Saraswathi Menon spoke on behalf of the High-Level Review of the Peacebuilding Architecture. Menon spoke of the imperative to include women in peacebuilding situations, who are often an informal participant in the peace processes as has been seen effectiveness of inclusion tactics such as quota systems. Research has shown that peace accords that meaningfully include civil society and women's organizations. Peacebuilding should prioritise social welfare and systems throughout its efforts and attention must be paid to deal with impunity and long-term trauma due to violence. Security Sector Reform must be sensitive to this. Access to justice for women must be ensured and economic reform and recovery must directly address economic empowerment of women as well as men. Finally, state governments and institutions must empower women in their participation. Unless these structural issues are addressed, sustainable peace will never be attainable. Gender equality, thus, must be a key objective to all that is done to attain peace.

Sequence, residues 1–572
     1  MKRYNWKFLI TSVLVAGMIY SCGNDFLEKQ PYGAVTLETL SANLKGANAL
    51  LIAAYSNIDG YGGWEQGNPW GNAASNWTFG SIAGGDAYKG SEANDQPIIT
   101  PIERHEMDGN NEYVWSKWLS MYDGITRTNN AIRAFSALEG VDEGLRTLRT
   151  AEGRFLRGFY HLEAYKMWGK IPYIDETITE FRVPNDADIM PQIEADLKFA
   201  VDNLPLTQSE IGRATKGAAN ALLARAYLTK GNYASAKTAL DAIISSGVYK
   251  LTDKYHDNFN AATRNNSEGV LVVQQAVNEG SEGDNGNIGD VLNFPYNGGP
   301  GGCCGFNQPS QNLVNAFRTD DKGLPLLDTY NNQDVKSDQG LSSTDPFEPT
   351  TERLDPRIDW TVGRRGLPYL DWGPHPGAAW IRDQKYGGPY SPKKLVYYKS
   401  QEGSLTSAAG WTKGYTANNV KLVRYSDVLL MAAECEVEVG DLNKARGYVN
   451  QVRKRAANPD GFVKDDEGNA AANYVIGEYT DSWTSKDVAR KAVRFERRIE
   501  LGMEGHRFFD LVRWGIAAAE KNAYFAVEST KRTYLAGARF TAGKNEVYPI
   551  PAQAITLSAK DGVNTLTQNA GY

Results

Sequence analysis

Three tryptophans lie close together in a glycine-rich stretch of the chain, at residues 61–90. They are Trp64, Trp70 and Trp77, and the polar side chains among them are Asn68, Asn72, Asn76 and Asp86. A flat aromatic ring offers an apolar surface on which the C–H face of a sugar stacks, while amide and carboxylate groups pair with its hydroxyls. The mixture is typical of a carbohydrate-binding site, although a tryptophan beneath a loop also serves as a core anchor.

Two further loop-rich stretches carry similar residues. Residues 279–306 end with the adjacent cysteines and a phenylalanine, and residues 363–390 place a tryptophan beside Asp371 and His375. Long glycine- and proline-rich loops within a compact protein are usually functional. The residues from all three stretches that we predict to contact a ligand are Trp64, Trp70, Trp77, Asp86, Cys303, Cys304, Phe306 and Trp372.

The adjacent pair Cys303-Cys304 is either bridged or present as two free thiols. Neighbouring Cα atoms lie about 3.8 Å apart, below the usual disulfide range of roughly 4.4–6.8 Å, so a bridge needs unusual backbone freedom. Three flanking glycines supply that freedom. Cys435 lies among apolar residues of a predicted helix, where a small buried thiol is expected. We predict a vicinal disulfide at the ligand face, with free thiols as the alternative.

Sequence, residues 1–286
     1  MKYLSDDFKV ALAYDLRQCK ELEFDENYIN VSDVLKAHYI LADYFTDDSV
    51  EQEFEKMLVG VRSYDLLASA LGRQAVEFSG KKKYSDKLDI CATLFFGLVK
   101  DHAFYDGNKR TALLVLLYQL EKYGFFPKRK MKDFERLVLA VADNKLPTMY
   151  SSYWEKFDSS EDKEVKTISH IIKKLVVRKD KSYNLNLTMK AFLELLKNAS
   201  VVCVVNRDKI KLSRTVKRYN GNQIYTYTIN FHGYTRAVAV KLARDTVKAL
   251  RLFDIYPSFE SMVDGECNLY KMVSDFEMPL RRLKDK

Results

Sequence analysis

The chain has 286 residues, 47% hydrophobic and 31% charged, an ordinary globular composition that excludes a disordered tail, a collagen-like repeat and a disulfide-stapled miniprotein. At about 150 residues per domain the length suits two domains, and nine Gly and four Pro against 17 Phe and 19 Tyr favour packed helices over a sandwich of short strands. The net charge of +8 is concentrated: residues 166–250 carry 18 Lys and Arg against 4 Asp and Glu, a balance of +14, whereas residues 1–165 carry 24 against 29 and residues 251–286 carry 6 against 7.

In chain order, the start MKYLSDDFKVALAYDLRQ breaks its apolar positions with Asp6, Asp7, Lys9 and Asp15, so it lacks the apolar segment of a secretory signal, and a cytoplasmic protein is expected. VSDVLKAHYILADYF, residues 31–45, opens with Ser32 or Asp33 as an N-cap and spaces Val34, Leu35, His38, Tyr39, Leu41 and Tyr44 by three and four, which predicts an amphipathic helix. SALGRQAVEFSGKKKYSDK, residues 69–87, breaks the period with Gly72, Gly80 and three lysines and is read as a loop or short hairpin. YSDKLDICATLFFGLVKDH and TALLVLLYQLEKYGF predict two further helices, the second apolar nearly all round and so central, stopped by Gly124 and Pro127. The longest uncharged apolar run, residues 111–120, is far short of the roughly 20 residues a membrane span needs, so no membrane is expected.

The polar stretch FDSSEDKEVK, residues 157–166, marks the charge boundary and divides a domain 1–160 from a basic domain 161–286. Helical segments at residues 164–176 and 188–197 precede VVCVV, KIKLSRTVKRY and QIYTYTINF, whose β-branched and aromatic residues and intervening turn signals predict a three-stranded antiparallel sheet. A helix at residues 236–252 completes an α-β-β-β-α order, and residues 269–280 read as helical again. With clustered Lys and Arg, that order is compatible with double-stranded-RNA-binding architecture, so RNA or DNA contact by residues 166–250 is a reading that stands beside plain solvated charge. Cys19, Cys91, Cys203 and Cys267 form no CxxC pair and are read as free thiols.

Yannick Glemarec concluded the panel discussion and spoke of the goal of the three High Level Review processes to address gaps and increase harmonization. Women's participation and inclusion in humanitarian assistance makes humanitarian efforts more effective; contributes to sustainable peace; accelerates economic recovery; and makes peacebuilding and peacekeeping operations more effective.
The panel discussion was interrupted with an intervention by the Permanent Mission of Spain, who reiterated Spain's support of the High-Level Review processes and stated that during the country's presidency over the Security Council in October 2015, Spain will attempt to pass a draft resolution focused on WPS and SCR 1325.